In the last 20 years, data science has revolutionized itself and the evolution in technologies just in this space has been unprecedented. If you look at the innovation in tools, technologies, algorithms in just one field of computer science, I have not come across such massive changes in any other discipline. I think the innovations in Distributed Computing (Cloud Computing, Big-Data), Functional Programming, mainstreaming of algorithms such as k-means, vectoring of texts, and technologies helping image recognitions, speech recognitions etc. has moved the orbit way to high from where it all started in Statistics. In the process, I also witnessed high jacking of Regression techniques & KDD (a specialization area of Statistics) and renaming it as Machine Learning by computer scientists. It is the rapid change and innovations in Data Science that keeps me continuously engaged and interested in this field. These days, technologies like AutoML, TinyML, Zero Shot, Few Shot, Regenerative AI, Serverless Cloud are a couple of areas which I am finding quite intriguing.
- What should today’s data science students, in your opinion, learn more about if they want to succeed?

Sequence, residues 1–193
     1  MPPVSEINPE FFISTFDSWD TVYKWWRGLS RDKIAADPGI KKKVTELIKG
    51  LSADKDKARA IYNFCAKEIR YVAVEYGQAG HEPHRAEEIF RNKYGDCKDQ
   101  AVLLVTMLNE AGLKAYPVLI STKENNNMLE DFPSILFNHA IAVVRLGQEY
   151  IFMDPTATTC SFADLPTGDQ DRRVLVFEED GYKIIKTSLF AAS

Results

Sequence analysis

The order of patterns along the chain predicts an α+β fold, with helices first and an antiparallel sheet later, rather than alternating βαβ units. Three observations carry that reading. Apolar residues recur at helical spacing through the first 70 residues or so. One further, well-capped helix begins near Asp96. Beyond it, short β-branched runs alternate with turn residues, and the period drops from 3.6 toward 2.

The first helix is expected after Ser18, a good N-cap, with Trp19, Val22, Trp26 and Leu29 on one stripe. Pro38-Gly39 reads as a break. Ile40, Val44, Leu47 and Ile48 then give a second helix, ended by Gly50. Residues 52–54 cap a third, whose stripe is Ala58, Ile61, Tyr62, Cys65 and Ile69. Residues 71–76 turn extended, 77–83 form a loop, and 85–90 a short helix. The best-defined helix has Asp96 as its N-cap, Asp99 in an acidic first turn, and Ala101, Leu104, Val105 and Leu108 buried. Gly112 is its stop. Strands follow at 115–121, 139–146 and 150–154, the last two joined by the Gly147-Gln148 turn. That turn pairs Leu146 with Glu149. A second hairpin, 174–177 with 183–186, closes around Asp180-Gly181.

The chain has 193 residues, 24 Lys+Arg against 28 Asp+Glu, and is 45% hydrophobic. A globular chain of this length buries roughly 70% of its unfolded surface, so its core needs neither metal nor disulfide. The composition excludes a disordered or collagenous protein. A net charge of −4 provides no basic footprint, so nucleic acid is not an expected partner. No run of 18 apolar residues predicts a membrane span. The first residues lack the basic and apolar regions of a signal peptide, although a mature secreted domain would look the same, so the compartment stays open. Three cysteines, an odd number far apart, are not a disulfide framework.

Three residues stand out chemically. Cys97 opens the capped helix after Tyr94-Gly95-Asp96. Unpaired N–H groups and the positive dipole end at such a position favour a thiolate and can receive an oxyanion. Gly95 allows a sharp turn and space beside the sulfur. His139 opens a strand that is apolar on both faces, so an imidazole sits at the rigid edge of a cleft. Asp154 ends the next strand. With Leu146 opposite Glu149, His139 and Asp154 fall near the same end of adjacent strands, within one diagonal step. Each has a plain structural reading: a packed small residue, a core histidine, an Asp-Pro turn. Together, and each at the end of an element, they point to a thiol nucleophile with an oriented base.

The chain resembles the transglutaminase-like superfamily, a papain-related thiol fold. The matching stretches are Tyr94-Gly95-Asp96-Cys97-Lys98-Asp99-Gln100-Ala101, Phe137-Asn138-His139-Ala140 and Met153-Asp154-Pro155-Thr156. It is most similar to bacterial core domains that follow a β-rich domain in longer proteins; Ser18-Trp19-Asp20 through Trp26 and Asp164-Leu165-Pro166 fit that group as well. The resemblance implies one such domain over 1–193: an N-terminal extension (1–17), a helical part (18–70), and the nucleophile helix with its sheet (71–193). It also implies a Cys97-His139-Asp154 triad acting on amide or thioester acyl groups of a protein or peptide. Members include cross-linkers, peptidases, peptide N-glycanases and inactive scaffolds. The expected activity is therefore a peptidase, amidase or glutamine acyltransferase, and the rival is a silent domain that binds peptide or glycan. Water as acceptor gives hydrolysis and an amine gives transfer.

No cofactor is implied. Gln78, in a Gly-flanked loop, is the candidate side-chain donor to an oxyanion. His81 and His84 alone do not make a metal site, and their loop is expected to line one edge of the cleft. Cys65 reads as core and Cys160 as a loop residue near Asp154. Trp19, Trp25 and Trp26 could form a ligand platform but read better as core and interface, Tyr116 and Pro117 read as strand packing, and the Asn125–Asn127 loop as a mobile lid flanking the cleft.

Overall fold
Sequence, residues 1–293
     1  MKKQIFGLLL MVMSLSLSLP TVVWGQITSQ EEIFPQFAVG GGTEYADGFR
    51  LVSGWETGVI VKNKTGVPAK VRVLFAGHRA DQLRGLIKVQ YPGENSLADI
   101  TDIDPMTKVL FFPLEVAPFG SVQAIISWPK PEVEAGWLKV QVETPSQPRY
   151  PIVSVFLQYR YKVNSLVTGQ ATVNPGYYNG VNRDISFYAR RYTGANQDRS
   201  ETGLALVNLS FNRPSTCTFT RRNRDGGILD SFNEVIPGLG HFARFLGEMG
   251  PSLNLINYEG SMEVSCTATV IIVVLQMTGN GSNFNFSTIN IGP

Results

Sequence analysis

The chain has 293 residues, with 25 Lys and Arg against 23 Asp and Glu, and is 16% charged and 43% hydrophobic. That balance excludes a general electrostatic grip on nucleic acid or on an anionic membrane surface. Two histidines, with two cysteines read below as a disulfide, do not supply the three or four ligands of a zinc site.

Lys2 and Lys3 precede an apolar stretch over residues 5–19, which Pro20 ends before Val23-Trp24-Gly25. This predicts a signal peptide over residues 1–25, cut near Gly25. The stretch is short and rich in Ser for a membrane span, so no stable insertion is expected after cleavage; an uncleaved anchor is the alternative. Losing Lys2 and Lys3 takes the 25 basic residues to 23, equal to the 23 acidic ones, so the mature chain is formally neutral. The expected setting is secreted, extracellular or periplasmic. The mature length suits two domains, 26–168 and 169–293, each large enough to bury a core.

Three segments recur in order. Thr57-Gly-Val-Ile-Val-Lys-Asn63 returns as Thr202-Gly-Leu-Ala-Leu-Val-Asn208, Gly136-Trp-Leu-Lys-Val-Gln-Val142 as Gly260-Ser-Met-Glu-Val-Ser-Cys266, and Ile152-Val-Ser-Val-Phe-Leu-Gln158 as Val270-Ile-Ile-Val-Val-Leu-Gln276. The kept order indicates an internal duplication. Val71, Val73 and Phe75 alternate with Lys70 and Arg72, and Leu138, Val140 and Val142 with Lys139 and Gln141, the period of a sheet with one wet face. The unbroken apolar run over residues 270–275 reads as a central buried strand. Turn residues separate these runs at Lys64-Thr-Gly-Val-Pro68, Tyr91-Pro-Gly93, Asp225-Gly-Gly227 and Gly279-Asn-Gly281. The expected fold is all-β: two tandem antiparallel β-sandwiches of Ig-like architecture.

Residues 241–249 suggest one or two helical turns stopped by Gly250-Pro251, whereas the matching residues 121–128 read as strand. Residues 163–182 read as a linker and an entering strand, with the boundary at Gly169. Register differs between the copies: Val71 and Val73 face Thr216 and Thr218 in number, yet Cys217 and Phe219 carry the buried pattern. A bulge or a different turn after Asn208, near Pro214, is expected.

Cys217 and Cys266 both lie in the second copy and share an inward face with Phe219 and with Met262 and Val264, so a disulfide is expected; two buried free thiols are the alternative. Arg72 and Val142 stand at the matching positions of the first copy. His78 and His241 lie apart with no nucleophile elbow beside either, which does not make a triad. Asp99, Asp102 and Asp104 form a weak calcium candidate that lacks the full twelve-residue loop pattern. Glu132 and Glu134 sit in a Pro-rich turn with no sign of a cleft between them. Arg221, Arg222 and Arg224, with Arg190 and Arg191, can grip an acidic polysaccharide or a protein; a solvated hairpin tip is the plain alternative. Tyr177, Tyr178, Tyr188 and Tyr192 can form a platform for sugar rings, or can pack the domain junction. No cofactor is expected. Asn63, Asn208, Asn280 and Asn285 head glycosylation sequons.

Now this is from my own personal experience. You don’t get anywhere in the data science field without a solid understanding in Coding. Students who are looking to join top companies engaged in data science, need to have real depth of understanding in data structures & algorithms. This is a major area of concern. Secondly, to succeed, students need to acquire skills and that is different from knowledge. Skills is ‘actionable knowledge’ and that is evidenced through hands-on knowledge of software products in the areas (such as SAS, Cloudera, Amazon, Palisade, TensorFlow, Tableau etc.). Top end coding skills supported by deep knowledge in two or three products would ensure success in seeking a position in a tier-1 company.